Project delays and failures lead to losses of billions of dollars as companies lose out to their competitors. According to Fujitsu’s new report, The Digital Transformation PACT, one in three companies have cancelled a project in the last two years at a cost of at least $499,000, while 28 percent have experienced a failed project that cost $655,000. Post-K, the Berlin Airport, and Kemper are notorious examples of delayed projects, each resulting in huge time and cost overruns. We can blame politics, volatile environments, macroeconomics, and many more factors, but problems that lie at the heart of one project are often not problems in another. Looking at 2017 in retrospect, Epicflow has recognized certain patterns of behavior that can put the fates of projects at stake. Here are the lessons we can learn.
Lesson #1: Poor resource planning in mega projects costs more than money.
The Register has reported on potential delays to new fiscal 2020 and cost escalations for the Post-K Computer, Fujitsu’s flagship that’s expected to perform calculations much faster than Japan’s K Computer. Engineers working on Post-K informed management that they were behind schedule and would not be able to meet their due dates. This delay suggests that Fujitsu hasn’t yet found a way to create balance between workloads and employee capacity.
Because Fujitsu suffered shortcomings in planning and estimation, the scientific, industrial, and economic sectors will have to forego the benefits of the Post-K computer for a couple more years. Let’s think about the ripple effects of the Post-K Computer’s delay. As a result of planning flaws, Japanese scientists may lose several years of opportunities to conduct even more accurate scientific calculations than are possible with the current K Computer. According to IDC analysts, “the Post-K computer is required for the simulation in the time scale of biological reactions in the millisecond level, a capability already achieved by the US.” If the Post-K Computer were to be released as planned, Japanese researchers could reach their milestones faster.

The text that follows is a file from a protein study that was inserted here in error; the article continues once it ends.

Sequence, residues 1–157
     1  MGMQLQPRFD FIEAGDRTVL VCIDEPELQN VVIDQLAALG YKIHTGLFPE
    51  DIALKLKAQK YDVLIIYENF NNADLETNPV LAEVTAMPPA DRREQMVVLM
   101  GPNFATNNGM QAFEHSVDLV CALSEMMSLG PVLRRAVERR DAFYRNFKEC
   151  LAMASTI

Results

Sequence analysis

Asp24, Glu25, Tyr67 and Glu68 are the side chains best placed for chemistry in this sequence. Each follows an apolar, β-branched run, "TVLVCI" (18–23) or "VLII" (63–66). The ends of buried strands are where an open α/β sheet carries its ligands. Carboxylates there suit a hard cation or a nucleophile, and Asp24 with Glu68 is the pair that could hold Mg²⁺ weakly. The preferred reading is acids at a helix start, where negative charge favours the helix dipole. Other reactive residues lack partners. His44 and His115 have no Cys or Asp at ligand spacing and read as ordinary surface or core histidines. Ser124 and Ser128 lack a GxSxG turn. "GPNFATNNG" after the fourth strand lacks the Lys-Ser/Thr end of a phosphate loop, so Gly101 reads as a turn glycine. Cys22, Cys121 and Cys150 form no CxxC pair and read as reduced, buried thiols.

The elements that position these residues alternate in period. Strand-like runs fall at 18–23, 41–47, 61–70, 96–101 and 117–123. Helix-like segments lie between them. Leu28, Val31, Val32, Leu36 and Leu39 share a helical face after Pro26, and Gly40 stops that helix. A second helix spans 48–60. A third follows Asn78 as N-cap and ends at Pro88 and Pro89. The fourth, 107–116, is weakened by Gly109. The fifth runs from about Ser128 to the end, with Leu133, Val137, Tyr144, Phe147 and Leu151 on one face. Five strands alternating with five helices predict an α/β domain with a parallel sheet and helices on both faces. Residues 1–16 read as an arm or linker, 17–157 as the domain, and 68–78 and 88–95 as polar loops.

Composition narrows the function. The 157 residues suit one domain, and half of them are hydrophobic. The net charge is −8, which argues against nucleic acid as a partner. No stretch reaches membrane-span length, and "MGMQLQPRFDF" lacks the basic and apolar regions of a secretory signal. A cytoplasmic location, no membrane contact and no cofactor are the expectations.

Lesson #2: Monitoring progress against every specific project target is vital.
Who could have predicted that a famous German construction project would appear on a crash course after 15 years of thorough planning?
“The real project status is unknown” sounds like a dead end for any project, but this time it was referring to the Berlin Brandenburg Airport. By failing to monitor project progress and KPIs, managers have stymied the construction.
In 1993, the members of Berlin Brandenburg Flughafen Holding GmbH (BBF) decided on a location for a new airfield – the Berlin Brandenburg Airport, expected to replace two increasingly congested airports. The new airport promised to offer the busiest runways in Germany and to support 45 million passengers annually. The planning stage took nearly 15 years and the construction finally started in 2006. Despite intentions to open the airport in 2011, its executive officers encountered a series of delays and cost overruns resulting from poor construction planning, execution, and management. The airport still hasn’t been opened and has already suffered a seven-year delay.
Let’s figure out what the main bottlenecks were to running this project on time and on budget. As suggested in CIO, management couldn’t efficiently report the real project status. The chairman of the supervisory board, Klaus Wowereit, failed to communicate project vitals to continue running the project. The board of executives assessed this lack of acknowledgment as total neglect from Wowereit’s side. If he had monitored progress against every target, senior managers would have been able to optimize work, adjust goals, and make appropriate changes to the initial project plan.